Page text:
Why is Creative Exchange a Cooperative?
There are ways in which being cooperative is both the method and the purpose of this project. With this cooperative we aim make more space for cooperation in the arts
WHY we do it and WHAT we'll do.
A cooperative (or Co-op) is a group of people who have come together to pool resources, share in decision-making and governance, and spread out financial risk. Cooperatives operate from the knowledge that collectivity lets you accomplish more, and that the people create value for an institution should also be able to make decisions about how it operates.
Benefits of Cooperatives for Artists
It’s expensive to be an artist and cooperatives can help mitigate some of the financial burdens of creative practice. A lot of the equipment or supplies required to create art, not to mention the space in which to create it, is expensive. If you buy and own collectively, you can amass more of the supplies you need to make your work, and have a say in the ways that studio supplies are purchased and used.
Artists can also benefit from cooperatives from a marketing and sales perspective. If you are working together in a co-op, you can hold a group sale and split some percentage of the overall profits. Rising tides lift all boats and you each individually benefit from the others’ networks. If a fellow co-op member brings in their community to a sale, that’s many more eyes on your work and a higher likelihood of sales.
Cooperatives give artists a formal space to share knowledge and skills. If a piece of equipment breaks in your private home studio, you only have access to your personal network and the internet. If you have an issue with equipment, you have a number of other highly-skilled minds to help you troubleshoot – and who are invested in the problem getting solved because your equipment is their equipment, too!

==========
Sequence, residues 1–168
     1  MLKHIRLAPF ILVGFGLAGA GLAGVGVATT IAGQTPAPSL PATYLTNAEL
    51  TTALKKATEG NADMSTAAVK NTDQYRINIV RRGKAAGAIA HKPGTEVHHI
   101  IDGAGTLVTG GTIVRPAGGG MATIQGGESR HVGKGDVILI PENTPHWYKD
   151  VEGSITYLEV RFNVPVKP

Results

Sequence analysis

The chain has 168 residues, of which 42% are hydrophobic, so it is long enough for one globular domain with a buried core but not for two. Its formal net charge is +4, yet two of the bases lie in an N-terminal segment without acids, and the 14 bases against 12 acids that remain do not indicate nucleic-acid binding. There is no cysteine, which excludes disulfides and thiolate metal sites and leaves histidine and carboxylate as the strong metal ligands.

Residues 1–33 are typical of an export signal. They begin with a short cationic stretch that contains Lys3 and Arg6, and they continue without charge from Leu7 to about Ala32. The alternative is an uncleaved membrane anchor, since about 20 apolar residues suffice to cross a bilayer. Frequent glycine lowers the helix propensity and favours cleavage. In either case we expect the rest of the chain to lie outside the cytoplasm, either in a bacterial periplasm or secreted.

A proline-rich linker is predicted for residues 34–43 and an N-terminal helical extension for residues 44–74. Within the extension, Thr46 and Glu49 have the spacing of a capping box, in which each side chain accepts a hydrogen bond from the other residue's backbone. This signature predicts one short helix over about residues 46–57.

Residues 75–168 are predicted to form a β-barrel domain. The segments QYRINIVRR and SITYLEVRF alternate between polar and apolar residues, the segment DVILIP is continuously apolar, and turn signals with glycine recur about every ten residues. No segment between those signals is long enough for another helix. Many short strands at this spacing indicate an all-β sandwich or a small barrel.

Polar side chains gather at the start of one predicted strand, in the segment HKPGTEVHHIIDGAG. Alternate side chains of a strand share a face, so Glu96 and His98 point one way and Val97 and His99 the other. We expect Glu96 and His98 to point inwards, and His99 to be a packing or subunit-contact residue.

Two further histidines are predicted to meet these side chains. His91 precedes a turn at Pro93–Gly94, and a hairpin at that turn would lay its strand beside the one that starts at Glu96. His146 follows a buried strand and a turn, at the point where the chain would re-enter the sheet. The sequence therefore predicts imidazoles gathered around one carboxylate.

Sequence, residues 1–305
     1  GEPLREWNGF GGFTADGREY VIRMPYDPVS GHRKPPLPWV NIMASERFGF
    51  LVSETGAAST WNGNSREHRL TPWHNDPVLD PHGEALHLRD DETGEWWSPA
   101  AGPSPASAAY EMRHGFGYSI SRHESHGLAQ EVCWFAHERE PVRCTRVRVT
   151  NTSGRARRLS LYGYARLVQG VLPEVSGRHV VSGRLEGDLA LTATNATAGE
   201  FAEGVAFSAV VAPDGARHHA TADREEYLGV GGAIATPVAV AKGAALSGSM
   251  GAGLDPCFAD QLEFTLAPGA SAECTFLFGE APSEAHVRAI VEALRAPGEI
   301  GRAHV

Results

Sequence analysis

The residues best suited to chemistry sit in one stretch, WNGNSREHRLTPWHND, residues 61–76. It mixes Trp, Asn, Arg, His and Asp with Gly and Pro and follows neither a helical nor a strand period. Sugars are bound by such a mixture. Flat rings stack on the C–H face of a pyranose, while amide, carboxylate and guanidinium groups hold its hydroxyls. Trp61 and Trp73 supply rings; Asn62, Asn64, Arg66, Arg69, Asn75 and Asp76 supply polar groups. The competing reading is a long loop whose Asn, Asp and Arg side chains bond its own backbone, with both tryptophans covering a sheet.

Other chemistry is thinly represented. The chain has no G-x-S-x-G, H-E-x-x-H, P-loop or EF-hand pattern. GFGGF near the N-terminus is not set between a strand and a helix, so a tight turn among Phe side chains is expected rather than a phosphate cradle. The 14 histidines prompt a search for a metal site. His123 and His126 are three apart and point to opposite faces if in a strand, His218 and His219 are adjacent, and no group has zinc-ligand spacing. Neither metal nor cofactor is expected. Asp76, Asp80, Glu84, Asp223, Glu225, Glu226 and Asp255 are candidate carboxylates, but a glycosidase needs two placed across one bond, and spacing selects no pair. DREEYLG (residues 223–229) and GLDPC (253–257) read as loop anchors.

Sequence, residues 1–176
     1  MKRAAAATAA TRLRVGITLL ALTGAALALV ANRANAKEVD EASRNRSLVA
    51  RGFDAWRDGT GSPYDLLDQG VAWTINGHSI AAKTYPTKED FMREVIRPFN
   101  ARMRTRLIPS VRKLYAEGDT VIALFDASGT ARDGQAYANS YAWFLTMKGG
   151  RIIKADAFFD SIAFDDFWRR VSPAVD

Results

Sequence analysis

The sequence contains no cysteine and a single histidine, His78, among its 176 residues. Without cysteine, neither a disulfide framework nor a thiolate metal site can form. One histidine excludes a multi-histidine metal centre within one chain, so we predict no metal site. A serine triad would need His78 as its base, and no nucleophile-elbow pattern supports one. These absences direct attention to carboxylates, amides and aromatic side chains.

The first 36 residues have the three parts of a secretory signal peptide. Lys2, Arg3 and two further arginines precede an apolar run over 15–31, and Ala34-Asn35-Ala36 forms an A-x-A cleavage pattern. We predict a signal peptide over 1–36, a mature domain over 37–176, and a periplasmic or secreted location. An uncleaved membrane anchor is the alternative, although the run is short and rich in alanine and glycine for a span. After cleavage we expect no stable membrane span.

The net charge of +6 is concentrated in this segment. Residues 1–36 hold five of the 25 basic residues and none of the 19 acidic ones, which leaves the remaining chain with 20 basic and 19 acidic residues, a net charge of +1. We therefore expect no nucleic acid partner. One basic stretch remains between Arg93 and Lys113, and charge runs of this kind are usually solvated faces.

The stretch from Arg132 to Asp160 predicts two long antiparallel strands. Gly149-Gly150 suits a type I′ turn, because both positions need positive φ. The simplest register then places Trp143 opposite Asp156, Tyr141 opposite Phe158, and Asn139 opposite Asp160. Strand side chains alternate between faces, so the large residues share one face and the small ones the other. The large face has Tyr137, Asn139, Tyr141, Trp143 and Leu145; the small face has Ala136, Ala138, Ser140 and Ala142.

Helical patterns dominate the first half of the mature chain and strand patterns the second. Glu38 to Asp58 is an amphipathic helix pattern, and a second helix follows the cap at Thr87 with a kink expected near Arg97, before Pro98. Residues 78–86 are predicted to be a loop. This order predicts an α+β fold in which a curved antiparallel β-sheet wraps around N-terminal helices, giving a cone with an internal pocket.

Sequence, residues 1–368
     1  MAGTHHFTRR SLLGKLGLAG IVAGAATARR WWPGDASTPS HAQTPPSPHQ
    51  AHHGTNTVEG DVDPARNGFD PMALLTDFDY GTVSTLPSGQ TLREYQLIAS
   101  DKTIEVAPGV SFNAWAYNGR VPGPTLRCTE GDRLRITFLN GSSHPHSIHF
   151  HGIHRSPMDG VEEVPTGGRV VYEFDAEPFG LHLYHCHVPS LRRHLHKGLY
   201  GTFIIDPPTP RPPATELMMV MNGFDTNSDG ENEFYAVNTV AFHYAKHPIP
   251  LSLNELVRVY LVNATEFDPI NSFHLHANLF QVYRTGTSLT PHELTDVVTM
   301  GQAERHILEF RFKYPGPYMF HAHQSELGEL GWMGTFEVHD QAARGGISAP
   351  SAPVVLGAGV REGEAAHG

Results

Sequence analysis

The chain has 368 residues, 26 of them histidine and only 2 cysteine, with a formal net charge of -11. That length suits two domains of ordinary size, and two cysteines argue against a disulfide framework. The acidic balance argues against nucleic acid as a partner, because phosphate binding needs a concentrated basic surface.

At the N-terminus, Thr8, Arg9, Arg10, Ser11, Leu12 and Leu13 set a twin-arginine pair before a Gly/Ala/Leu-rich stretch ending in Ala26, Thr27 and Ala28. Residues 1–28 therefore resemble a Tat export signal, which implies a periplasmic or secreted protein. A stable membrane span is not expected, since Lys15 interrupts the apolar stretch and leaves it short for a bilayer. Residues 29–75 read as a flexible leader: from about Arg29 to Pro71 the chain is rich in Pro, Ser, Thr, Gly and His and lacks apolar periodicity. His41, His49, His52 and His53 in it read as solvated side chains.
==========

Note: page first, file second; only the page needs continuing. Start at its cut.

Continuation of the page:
But, most importantly, there is security in collectivity. By sharing ownership cooperatively, you share both risk and reward. You become less isolated, and better equipped to weather the whims of clients, contractors, buyers, and the market more generally.
Why Artist Cooperatives are Important Now
In the wake of COVID-19, we’ve seen with fresh urgency how few resources are really there for artists in a crisis. Emergency grants for individuals are necessarily limited, and government funding hasn’t been nearly enough. The structures that we have to protect us are not sufficient. We need to build our own. Supporting this is a recent local study on the Arts and Covid.
In many communities, including ours, the cost of both housing and studio space continues to soar. With the housing crisis, many artists have been renovicted and watched their studios be turned into living spaces. The problem is that artists need both - living and working spaces!
How this project helps with Housing in Nelson
Nelson has a housing crisis! The beautiful part of this project is that by cooperating with a bunch of local organizations (ie, Nelson and Area Economic Development Partnership, Community Futures, the Kootenay Coop Country Store, etc) on our acquisition of this property, we are making another parcel available for the creation of workforce housing! The property is being sold as two separate parcels, one with the building and one without. The undeveloped lot just under an acre, and there is a plan for it to be developed into workforce housing! Both projects need each other to move forward. By funding this project, you will not only be supporting the arts and culture of this town, but also helping to bring more housing to Nelson!
What Creative Exchange strives for
At Creative Exchange Cooperative we aim to work together to provide:
safe, affordable & sustainable workspace
Ensure economic and environmental sustainability of the arts community
Improve accessibility to tools and technology often impractical or unaffordable for private studios
Encourage innovation through intra- and inter-medium collaboration and skill-sharing
a creative business incubator
Provide affordable business services to artists such as marketing, sales, photography, etc.
Facilitate relationships between members and the local economy for raw supplies, labour, and customers.
Help develop, sustain, and transition the careers of artists through skill-building workshops, mentorship programs, etc
Work with community partners to fill gaps in support services for members
community & tourist engagement
Address artistic isolation by fostering a regional, peer to-peer creative community, decreasing artist isolation
Welcome locals and tourists to engage, observe, learn, and purchase directly from working artists.
Facilitate opportunities for community building, reconciliation, and equity through shared creative experiences.